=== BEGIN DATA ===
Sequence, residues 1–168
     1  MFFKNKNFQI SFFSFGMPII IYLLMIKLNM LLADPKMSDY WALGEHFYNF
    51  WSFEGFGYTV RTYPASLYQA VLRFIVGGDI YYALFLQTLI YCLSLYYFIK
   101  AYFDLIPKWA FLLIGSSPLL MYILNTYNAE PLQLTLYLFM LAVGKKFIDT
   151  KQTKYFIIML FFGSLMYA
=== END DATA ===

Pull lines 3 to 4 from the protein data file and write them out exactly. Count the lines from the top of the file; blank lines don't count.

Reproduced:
    51  WSFEGFGYTV RTYPASLYQA VLRFIVGGDI YYALFLQTLI YCLSLYYFIK
   101  AYFDLIPKWA FLLIGSSPLL MYILNTYNAE PLQLTLYLFM LAVGKKFIDT